Feverish

August 11, 2008

We’ve mentioned Jacques Derrida’s Archive Fever before, the book in which he so eloquently argues for something, and along the way allows for the existence of “real” ghosts; or, at least, explains Freud’s position on this so well that it seems like he believes it too. The opening argument about the book concerns theĀ  “domicilation” of knowledge, the ways in which material is archived into a private domicile then becomes public. Derrida could have referred to “domestication,” but there’s no sense in not making up a word when you have cart blanche to make up words.

This tension between public and private spaces really does inform archives. For example, did you know that you can find Isaac Bashevis Singer’s credit card statements at his archive? I’m conflicted about this; part of me wants to know what vices Singer might have charged; the other part doesn’t want anyone to have access to that information about me. Of course, this doesn’t compare to the reams of unpaid bills in Max Weinreich’s archive. I found invoices from the Yiddish PEN club for back membership dues (these, oddly, were written in English). Still, it’s not like they were going to kick him out. The same can’t be said for his sewing machine. I really don’t know how he spent so much money on dry cleaning–or, rather, how he didn’t spend so much money on dry cleaning. It was a welcome bit of iconoclasm, and made me feel better. I may not be able to speak 10 languages, but I can at least pay (most) bills on time.

Catching Up With…

November 28, 2007

I’ve always thought that it would be fun to do interviews at this site. Mostly I envisioned asking various presidential candidates for their opinions on the issues of the day, c’est a dire Little Rock Streetcar expansion, Brandy Taylor/Anne Hathaway/Pretty Feet/all the other favorites of Salad actualia, new items at the Senate cafeteria, and the Treaty of Westphalia. Unfortunately, it’s been very hard to get any presidential candidate to commit to giving an interview (mostly because they’re all of the opinion that Heroes Season 2 is as strong as season one, and that they will be president) so I’ve had to come up with something else to fill this space. So I present Yesterday’s Salad’s first ever conversation with the living challenged, Jacques Derrida.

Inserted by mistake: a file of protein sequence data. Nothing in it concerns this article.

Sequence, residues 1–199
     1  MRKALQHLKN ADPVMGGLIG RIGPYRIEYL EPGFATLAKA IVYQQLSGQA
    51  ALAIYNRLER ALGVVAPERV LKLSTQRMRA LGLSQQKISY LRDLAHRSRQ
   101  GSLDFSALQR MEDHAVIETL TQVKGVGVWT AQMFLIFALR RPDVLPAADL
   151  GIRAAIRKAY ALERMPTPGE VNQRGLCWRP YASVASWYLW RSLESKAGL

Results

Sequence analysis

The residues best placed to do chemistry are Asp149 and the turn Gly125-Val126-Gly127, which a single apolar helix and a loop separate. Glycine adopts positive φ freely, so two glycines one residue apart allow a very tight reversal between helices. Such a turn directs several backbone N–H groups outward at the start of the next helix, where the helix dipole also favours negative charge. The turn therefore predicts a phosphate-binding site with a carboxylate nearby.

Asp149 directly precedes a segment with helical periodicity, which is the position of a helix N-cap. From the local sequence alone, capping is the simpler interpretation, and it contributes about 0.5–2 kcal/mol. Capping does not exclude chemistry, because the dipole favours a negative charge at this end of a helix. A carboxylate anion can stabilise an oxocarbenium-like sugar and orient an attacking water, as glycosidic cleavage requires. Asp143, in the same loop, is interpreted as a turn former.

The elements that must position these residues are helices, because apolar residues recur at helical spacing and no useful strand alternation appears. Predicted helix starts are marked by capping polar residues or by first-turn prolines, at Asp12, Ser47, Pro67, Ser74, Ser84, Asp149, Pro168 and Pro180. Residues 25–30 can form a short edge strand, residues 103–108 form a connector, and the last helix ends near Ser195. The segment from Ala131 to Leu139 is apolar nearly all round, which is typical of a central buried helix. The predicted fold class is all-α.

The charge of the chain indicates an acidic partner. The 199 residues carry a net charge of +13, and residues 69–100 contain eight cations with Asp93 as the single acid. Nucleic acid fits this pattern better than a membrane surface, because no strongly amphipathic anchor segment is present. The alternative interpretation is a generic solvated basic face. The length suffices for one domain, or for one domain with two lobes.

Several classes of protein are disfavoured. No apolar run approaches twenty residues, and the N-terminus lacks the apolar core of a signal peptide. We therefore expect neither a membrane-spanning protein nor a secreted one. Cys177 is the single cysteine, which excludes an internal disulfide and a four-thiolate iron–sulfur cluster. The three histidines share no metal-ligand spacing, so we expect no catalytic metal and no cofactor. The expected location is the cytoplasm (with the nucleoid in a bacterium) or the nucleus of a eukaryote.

But before we begin, allow me to deal with the objections that are no doubt being raised as I write. First, this is not Yesterday’s Salad’s first engagement with the no longer living. Shel Silverstein has been suggested as a Superman author, and some of my favorite neighbors are Zombies. And, a reason before the reason, as I mentioned in my comment to JT in the Shel Silverstein piece: “While the [wikipedia] undead page is totally unhelpful, it does remind me that Derrida used the myth of the undead to break down the binary between life and death. But something tells me Derrida was reaching on that one.”

While I’m not one to regularly disagree with so wise a scholar as Mr. Dailysalad, leading luminaries would. Yosef Hayyim Yerushalmi ends his excellent Freud’s Moses with a monologue addressed to Professor Freud, Isaac Bashevis Singer believed in demons, and Messers Freud and Derrida (who now gets a chance to argue his case) would certainly disagree with me. As Derrida explains in Archive Fever (at least in part, a reading of Freud’s Moses), Freud has made references to “real” ghosts in his writing. This has to do with the fact that there is a “truth of delusion, a truth of insanity or of hauntedness.” (87; emphasis in the original) This is analogous to the difference between a “historical truth” and a “material truth.” Something can have a real effect without having ever existed.

So without further ado, a few questions for Mr. Derrida:

1) Did you ever get a chance to watch Seinfeld? Or, do you still hold to your opinion that Deconstruction has no sitcoms, and people are wasting their time doing things that don’t involve reading Deconstruction? (see here for some background, and don’t see Derrida) Read the rest of this entry »